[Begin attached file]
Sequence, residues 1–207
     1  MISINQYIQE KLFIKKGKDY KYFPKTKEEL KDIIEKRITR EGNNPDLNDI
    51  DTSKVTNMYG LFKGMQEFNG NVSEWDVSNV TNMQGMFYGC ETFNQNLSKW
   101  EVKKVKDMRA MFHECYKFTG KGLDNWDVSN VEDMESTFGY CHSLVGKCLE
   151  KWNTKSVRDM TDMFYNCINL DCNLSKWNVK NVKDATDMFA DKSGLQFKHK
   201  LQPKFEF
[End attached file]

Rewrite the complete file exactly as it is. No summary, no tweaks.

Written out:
Sequence, residues 1–207
     1  MISINQYIQE KLFIKKGKDY KYFPKTKEEL KDIIEKRITR EGNNPDLNDI
    51  DTSKVTNMYG LFKGMQEFNG NVSEWDVSNV TNMQGMFYGC ETFNQNLSKW
   101  EVKKVKDMRA MFHECYKFTG KGLDNWDVSN VEDMESTFGY CHSLVGKCLE
   151  KWNTKSVRDM TDMFYNCINL DCNLSKWNVK NVKDATDMFA DKSGLQFKHK
   201  LQPKFEF